Where every high school student will graduate with college credits
Across our nation, states like California are grappling with the increased need for access, efficiency, and excellence in education to rise above the projected shortage of 1.1 million workers within the state holding a bachelor's degree by 2030. Implementing complimentary strategies to increase graduation rates, reduce time to completion, and grow transfer services, while expanding access to college will be vital for our nation's success.
Kern County continues to rank among the lowest in educational attainment in the nation. The Bakersfield Californian, in a recent piece entitled "Bakersfield must break free from list of least-educated cities," lifted up the work of Bakersfield College by stating, "One of the strongest weapons Bakersfield has in fighting its way out of the educational basement is the Kern Community College District—notably its Bakersfield College."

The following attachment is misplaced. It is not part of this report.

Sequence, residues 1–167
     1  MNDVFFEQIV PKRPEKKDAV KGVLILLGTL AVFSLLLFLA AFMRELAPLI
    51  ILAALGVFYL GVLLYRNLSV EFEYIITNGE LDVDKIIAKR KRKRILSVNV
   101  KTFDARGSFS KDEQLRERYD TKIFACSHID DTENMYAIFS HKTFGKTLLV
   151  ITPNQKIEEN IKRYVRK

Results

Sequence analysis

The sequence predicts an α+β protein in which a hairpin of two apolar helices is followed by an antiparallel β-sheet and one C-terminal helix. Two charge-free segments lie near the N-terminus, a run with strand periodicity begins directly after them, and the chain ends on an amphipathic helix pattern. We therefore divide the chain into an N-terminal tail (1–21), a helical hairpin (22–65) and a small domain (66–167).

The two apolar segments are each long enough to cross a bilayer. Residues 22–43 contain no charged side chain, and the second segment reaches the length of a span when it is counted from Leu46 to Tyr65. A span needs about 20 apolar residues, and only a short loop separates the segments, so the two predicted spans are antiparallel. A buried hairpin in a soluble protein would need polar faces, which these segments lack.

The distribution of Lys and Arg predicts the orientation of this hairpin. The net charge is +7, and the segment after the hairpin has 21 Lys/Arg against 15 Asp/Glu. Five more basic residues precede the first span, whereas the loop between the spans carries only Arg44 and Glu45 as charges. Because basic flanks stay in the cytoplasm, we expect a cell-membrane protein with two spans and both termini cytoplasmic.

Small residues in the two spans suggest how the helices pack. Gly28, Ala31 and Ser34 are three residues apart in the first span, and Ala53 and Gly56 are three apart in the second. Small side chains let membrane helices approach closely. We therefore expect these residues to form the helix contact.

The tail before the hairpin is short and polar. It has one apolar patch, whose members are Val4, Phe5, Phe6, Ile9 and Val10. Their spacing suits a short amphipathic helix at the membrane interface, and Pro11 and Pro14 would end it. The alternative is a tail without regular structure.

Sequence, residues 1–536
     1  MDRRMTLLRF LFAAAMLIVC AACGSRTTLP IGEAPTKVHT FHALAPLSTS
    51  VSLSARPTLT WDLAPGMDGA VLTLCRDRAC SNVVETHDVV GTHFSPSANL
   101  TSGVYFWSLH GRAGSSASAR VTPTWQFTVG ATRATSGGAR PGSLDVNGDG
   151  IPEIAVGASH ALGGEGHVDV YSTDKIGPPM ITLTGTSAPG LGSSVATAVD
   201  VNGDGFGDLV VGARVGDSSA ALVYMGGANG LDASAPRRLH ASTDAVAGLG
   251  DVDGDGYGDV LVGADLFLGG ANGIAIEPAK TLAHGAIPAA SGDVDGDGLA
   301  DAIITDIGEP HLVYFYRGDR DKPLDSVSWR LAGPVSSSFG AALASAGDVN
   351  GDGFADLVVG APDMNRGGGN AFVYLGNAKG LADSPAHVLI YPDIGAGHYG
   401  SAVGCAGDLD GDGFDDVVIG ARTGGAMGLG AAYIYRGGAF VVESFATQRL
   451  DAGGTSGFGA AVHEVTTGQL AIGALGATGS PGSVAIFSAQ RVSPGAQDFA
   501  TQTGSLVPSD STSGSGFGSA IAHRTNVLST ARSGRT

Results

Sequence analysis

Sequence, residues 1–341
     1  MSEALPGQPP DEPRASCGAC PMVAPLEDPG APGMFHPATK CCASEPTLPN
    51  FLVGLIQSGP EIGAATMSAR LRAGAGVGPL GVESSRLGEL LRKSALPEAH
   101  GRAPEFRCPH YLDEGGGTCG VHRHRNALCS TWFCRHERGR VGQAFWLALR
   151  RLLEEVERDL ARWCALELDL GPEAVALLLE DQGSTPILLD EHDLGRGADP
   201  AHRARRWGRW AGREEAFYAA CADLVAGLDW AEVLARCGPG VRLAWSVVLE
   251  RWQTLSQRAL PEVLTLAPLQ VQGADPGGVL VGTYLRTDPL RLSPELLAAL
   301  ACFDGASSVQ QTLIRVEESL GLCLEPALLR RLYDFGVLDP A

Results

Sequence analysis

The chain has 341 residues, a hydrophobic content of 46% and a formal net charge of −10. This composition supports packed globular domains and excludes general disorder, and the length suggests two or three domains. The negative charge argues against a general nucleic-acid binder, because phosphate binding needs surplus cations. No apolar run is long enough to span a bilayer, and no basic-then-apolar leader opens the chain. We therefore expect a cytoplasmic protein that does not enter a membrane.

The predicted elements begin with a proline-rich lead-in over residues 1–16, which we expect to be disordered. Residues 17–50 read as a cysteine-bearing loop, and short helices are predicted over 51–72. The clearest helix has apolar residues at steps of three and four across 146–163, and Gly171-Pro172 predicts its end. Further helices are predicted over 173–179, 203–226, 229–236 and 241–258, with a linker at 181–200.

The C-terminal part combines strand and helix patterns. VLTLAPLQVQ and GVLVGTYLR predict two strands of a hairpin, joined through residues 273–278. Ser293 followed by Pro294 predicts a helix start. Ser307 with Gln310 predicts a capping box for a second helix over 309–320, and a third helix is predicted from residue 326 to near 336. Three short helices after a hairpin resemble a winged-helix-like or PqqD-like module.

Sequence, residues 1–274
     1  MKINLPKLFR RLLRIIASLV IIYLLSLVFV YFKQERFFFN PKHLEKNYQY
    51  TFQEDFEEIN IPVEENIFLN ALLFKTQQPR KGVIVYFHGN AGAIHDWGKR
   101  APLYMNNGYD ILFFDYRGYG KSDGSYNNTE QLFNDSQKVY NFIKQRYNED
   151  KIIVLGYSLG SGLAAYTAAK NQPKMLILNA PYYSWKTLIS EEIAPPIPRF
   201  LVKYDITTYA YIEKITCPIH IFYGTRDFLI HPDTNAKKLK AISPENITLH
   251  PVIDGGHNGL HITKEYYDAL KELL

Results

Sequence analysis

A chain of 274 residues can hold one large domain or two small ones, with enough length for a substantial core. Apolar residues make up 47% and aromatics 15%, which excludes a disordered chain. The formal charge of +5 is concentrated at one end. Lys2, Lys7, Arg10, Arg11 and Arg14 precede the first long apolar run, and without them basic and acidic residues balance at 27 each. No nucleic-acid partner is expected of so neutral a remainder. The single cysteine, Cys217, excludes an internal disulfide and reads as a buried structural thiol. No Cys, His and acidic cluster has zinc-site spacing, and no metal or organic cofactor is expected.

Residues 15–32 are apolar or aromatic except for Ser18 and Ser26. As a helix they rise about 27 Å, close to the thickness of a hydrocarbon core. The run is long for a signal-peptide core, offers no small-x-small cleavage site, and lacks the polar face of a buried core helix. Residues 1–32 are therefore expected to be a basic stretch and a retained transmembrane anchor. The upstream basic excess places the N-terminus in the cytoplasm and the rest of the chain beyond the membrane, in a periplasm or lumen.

What makes BC notable is the innovative partnerships with local industry and its new Baccalaureate Degree in Industrial Automation. Equally remarkable is BC's outreach into outlying rural communities, the expansion of programs, and bringing college closer to home for distance students.
Integrated into these initiatives are the dual enrollment programs, as well as Early College programs connecting youth with career pathways. The average dual enrollment class has 19 students registered, yet the average high school class size is 30 students. This means on average, classrooms have 11 students missing out on college credit despite completing the coursework.